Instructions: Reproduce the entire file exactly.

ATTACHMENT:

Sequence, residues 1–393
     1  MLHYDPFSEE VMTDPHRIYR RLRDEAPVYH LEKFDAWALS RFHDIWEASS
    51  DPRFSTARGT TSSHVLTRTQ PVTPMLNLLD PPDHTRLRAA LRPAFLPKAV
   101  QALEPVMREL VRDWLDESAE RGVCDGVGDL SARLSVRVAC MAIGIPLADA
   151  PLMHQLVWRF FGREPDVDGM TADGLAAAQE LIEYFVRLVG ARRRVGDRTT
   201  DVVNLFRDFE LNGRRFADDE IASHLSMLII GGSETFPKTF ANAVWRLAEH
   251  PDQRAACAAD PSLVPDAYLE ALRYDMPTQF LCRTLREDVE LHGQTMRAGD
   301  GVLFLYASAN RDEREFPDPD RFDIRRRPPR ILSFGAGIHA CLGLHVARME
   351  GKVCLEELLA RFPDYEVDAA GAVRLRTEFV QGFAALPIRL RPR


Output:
Sequence, residues 1–393
     1  MLHYDPFSEE VMTDPHRIYR RLRDEAPVYH LEKFDAWALS RFHDIWEASS
    51  DPRFSTARGT TSSHVLTRTQ PVTPMLNLLD PPDHTRLRAA LRPAFLPKAV
   101  QALEPVMREL VRDWLDESAE RGVCDGVGDL SARLSVRVAC MAIGIPLADA
   151  PLMHQLVWRF FGREPDVDGM TADGLAAAQE LIEYFVRLVG ARRRVGDRTT
   201  DVVNLFRDFE LNGRRFADDE IASHLSMLII GGSETFPKTF ANAVWRLAEH
   251  PDQRAACAAD PSLVPDAYLE ALRYDMPTQF LCRTLREDVE LHGQTMRAGD
   301  GVLFLYASAN RDEREFPDPD RFDIRRRPPR ILSFGAGIHA CLGLHVARME
   351  GKVCLEELLA RFPDYEVDAA GAVRLRTEFV QGFAALPIRL RPR